Ironically, given the blatantly unchristian behavior of the racist swarm that invaded Charlottesville, several of Confederate General Thomas “Stonewall” Jackson’s descendants — surnamed Christian — have called for the removal of statues of their forebear. In direct response to the events in Charlottesville, and discussions elsewhere about Confederate memorials, Jack and Warren Christian wrote in an open letter to the mayor of Richmond, Va, published by Slate,

“[Such monuments] were constructed to be markers of white supremacy. They were constructed to make black people fearful. I can only imagine what persons of color who have to walk and drive by those every morning think and feel. …

“While we are not ashamed of our great-great-grandfather, we are ashamed to benefit from white supremacy while our black family and friends suffer. We are ashamed of the monument.”

For a description of how heroic general and good Christian Robert E. Lee treated his own slaves, click here. Spoiler alert: I especially like the part about him ordering his slaves’ lacerated backs washed with brine after their whippings.

The Neofascists’ Heinrich Hoffmann

Having argued, through the past two presidential election cycles, that the left far surpasses the right in the sophistication of its visual image-making and image usage, it comes as no surprise that someone on the neofascist end of the spectrum has decided to catch up on that front.

In “The Annie Leibovitz of the Alt-Right,” by Matthew Kassel, New York Times, July 20, 2017, the reporter profiles one Peter Duke, a 60-year-old Los Angeles-based former fashion photographer who has decided that such prominent radical-right figures as Charles Johnson, Mike Cernovich, Milo Yiannopoulos, Andrew Breitbart, and Malik Obama deserve more sophisticated portraiture than they’ve received to date. Kassel writes,

“I got a wild hair up my ass,” Duke told me, “and I said, ‘I want to start taking pictures of our side and making our side look heroic.'”

New York Times logoKassel’s article handles this charged material with traditional journalistic “objectivity,” taking a neutral reportorial position and letting his subject — and some of his subject’s subjects — speak for themselves. I’m not alone in having my reservations about that journalistic posture. (See my series on Thomas E. Patterson’s Informing the News: The Need for Knowledge-Based Journalism.) Neutrality always favors the status quo, especially when, as in Kassel’s case, he provides no contrary take on Duke’s project, thus implicitly endorsing it himself while also putting the imprimatur of the New York Times on it.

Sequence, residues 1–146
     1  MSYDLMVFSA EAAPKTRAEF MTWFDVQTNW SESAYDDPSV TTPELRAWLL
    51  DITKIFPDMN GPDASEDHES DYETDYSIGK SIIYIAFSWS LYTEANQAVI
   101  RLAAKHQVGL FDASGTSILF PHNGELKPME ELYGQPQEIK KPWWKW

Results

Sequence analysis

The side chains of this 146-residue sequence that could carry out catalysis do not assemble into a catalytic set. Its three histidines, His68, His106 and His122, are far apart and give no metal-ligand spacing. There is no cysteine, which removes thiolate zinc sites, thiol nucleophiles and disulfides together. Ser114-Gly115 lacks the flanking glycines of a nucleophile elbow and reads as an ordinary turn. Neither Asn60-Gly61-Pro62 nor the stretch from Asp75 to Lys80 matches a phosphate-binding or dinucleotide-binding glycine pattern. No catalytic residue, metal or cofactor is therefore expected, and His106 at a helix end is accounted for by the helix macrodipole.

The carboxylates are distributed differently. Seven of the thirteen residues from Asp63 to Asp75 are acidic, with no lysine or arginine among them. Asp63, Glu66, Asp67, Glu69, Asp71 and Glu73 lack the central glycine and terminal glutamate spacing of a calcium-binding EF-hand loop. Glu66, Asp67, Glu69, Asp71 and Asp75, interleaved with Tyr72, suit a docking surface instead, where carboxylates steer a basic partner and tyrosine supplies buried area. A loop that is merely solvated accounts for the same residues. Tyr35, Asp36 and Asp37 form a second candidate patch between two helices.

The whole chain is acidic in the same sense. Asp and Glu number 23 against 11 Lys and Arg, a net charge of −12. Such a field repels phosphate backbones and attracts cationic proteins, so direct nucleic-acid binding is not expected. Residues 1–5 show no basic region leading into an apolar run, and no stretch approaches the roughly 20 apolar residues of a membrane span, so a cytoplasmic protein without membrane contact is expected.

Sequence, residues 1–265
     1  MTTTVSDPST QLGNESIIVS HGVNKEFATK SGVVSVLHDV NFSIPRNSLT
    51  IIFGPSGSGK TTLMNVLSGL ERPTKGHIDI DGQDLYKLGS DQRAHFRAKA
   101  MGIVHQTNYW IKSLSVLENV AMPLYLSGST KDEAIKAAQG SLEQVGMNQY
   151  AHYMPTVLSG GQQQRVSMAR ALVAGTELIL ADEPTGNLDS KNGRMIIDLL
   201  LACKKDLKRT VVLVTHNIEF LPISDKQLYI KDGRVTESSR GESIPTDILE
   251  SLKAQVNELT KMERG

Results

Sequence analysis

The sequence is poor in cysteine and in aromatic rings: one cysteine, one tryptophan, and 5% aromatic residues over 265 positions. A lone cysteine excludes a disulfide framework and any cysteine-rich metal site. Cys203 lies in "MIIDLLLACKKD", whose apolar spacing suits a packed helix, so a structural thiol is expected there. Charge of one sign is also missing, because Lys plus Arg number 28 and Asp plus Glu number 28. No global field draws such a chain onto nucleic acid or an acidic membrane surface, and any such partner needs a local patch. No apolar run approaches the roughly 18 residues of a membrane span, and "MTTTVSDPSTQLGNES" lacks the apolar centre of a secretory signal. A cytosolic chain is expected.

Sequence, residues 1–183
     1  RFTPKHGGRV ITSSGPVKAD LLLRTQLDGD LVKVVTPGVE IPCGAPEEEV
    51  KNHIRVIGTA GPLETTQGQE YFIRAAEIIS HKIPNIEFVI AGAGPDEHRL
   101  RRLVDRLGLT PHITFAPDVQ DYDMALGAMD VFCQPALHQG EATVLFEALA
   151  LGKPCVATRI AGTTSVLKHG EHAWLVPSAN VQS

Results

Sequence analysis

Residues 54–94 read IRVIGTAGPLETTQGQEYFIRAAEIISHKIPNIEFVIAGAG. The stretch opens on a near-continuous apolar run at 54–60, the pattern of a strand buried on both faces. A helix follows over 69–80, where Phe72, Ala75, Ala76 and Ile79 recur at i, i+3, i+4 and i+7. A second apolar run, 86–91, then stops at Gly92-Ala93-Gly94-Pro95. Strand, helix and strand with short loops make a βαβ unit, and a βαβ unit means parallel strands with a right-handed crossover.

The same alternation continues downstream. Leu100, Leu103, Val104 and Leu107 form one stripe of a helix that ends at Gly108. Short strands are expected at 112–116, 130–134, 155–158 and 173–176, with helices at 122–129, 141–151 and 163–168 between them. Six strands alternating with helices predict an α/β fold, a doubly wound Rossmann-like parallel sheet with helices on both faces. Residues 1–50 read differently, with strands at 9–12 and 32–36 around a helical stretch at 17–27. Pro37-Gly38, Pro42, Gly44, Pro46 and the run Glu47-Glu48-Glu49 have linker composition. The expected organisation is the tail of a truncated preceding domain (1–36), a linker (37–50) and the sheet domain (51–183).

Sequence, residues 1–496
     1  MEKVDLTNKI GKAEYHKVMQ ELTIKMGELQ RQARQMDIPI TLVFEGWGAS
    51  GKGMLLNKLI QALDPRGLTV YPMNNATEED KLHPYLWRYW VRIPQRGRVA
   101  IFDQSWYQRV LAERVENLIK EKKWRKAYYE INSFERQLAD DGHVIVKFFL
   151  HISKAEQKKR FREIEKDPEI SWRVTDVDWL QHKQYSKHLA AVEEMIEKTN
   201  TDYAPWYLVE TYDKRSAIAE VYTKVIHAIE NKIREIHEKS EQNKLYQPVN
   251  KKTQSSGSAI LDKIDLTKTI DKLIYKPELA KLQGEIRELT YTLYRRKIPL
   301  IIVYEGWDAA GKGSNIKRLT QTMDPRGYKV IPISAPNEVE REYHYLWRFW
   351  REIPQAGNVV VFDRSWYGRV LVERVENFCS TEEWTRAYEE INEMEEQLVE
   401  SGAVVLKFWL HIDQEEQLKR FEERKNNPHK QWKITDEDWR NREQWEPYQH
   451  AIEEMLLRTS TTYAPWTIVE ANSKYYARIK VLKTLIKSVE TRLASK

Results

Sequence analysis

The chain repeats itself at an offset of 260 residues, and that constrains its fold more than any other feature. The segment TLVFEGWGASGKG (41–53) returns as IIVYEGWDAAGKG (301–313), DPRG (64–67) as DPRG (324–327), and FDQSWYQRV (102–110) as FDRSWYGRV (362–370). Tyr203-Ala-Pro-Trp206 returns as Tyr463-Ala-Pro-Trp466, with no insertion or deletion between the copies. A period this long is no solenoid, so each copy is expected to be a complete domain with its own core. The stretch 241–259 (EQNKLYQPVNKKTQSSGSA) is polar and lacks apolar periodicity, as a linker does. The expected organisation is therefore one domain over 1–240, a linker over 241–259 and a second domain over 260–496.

The icing on this cake, however, comes in the form of this article’s headline, almost surely not written by Kassel himself: “The Annie Leibovitz of the Alt-Right.” That phrase appears nowhere in Kassel’s piece. Because neofascism notoriously and forthrightly trends anti-Semitic, while Leibovitz is of Jewish descent, this headline either deliberately sets out to offend both of those constituencies or (more likely) demonstrates the cluelessness of this headline’s author and the editor who approved it for publication.

Heinrich Hoffmann or Leni Riefenstahl would have served more aptly as an exemplar of Duke’s lineage.

Speaking of Annie Leibovitz:

Someone — and absolutely no one involved seems ready to say who — came up with an idea in 2012 for a patron to purchase 2,070 photos by the American portrait photographer Annie Leibovitz and then donate them to a museum in Canada.

This was a colossal score for the Art Gallery of Nova Scotia in Halifax, which owned nothing by Ms. Leibovitz at the time.

For Ms. Leibovitz, who had a financial crisis several years earlier, the transaction meant she earned several million dollars.

And the donor, a Deloitte Canada partner [Harley Mintz] who said he had bought the collection to honor his mother’s memory, stood to qualify for a generous tax deduction and recognition as an arts patron.

Four years later, though, a Canadian government panel that must sign off on the deduction is still balking at approving it, partly because the panel won’t accept a $20 million valuation for a collection that the donor purchased for just $4.75 million.

Why a remote Nova Scotia museum coveted a massive selection of pop-culture imagery by the Connecticut-born celebrity photographer, who has no connection whatsoever to Canada (nor to Maine, off whose border the island peninsula that includes Halifax sits), remains a mystery. For details, see the July 25, 2017 New York Times article by Sopan Deb and Colin Moynihan, “Canada Debates Whether Gift of Leibovitz Photos Is Also a Tax Dodge.”

Crafting the Trumpian Image

Shealah Craighead, President Donald Trump’s Chief Official White House Photographer, seems cut from the same cloth as Peter Duke, specializing in flattering imagery of right-wing figures, though most of them more highly placed in the Republican ranks than (and few as extreme as) Duke’s pantheon.

President-elect Donald Trump walks to take his seat for the inaugural swearing-in ceremony at the U.S. Capitol in Washington, D.C., Friday, Jan. 20, 2017. Official White House Photo by Shealah Craighead.

President-elect Donald Trump walks to take his seat for the inaugural swearing-in ceremony at the U.S. Capitol in Washington, D.C., Friday, Jan. 20, 2017. Official White House Photo by Shealah Craighead.

Craighead appears to accept without complaint the restrictions placed on her by the Trump administration, a radical departure from the much more open access granted by his predecessor, Pres. Barack Obama, to his official photographer, Pete Souza. For an informative interview with Craighead, see Elizabeth Flock’s “What it’s like to be President Trump’s White House photographer,” which appeared in PBS Newshour’s “Art Beat” on August 7, 2017.